South Hawkins, after a couple miles meets the PCT which brings you to Baden Powell. Its a pretty steady grade on a well groomed PCT trail. It was really cold at this point and the wind was pretty crazy. I couldn’t muster the energy to take off my face cover to eat or drink anything, so I was going extremely slow. After an hour or me looking like I was going to fall over, Andreas made me eat caffeine and drink some of my water. Then he told me that he had an extra windbreaker in his pack the whole time, so I doubled up on windbreakers and felt like a new man. We reached the summit then ran the whole way down. I was amazed that we still had that energy to get down Baden Powell in just over an hour.

Baden Powell Summit

We had cached water at Vincent Gap on our drive to Guffy in the morning. So we filled up and headed along the rolling PCT trail like a pack of sleep-deprived Zombies. I was friggin’ toast by this point. I was so cold and tired. Aaron led the head of the pack with Andreas behind him and I would be in the back trying to muster the energy to keep up. But after 9 miles of up/down and twisty turny on the PCT we made it back to our car and had finished! We quickly drove back to our AirBnB in Wrightwood. After all the summits, and 18,000 ft of climbing I was finally doing what I had dreamed of all day; laying down in a bed inside a room with a heater.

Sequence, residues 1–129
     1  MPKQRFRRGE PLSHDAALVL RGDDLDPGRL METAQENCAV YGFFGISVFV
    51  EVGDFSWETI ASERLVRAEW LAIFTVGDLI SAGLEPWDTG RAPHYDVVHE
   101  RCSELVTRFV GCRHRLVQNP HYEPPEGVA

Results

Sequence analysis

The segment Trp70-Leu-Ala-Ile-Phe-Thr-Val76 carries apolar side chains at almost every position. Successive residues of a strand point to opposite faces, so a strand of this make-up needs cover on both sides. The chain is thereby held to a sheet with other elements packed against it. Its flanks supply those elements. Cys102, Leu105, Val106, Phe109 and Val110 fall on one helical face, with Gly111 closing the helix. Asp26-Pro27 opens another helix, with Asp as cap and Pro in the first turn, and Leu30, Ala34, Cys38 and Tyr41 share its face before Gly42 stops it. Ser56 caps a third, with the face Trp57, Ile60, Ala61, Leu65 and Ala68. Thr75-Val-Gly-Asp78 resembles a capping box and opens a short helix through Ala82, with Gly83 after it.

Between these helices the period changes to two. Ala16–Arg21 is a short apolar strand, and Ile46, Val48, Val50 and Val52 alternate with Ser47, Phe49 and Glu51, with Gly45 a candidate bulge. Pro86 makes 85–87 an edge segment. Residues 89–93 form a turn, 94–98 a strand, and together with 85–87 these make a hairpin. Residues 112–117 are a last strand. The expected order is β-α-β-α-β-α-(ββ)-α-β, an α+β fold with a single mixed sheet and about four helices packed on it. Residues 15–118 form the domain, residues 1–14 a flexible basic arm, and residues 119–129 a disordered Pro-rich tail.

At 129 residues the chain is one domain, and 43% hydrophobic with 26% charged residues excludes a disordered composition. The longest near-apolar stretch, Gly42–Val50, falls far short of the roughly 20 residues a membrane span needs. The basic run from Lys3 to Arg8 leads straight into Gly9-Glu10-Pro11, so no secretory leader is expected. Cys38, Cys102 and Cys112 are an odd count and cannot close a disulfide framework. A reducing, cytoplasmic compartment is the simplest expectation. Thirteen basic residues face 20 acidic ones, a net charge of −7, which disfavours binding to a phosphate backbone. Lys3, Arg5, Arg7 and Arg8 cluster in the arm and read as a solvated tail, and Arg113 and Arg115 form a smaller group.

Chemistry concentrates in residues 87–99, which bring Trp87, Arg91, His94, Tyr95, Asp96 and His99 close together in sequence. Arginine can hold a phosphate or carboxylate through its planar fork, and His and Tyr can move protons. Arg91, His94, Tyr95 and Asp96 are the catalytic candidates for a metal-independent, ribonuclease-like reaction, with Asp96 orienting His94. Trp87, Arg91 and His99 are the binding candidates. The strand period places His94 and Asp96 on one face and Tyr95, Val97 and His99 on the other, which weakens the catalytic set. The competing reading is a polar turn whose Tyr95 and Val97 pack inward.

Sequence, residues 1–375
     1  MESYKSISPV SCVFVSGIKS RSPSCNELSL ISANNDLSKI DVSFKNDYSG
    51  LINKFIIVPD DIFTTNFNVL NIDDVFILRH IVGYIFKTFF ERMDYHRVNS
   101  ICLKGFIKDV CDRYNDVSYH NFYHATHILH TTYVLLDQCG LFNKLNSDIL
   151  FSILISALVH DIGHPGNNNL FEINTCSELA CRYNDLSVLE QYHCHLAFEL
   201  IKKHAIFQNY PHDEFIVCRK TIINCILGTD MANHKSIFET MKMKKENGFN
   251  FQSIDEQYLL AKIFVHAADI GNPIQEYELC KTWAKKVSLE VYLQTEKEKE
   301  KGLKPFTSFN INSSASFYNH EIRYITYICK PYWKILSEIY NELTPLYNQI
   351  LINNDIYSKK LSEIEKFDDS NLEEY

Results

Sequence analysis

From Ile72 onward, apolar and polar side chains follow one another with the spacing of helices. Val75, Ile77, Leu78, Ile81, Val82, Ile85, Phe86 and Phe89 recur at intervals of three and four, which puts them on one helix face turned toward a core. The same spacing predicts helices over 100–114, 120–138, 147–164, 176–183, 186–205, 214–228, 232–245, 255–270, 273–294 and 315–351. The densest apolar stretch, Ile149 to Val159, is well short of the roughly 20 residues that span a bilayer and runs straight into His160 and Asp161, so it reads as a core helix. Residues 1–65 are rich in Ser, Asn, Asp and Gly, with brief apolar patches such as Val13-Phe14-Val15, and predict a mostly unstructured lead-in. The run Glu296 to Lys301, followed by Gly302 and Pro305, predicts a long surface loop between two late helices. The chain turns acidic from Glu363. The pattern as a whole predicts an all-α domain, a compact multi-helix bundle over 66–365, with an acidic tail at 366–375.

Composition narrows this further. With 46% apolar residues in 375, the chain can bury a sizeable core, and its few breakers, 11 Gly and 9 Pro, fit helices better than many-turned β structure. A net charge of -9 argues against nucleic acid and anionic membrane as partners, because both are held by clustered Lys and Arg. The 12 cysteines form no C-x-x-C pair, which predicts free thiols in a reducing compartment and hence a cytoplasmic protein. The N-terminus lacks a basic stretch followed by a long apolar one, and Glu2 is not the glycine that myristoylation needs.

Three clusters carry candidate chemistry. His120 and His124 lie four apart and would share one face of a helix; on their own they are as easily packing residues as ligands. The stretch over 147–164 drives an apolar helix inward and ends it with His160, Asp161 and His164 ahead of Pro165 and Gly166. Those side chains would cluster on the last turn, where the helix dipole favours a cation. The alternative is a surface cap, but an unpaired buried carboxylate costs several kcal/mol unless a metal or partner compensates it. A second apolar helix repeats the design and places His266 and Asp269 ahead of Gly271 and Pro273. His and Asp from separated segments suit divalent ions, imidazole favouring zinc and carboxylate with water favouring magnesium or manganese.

Baldy Marathons

I signed up for Baldy Marathons 100 mile race. On April 30th 2017 at 8:45am, after almost 23 hours since I started, the Baldy Marathons was my first DNF (did not finish). That day was the perfect example of planning for absolutely everything but forgetting one important detail.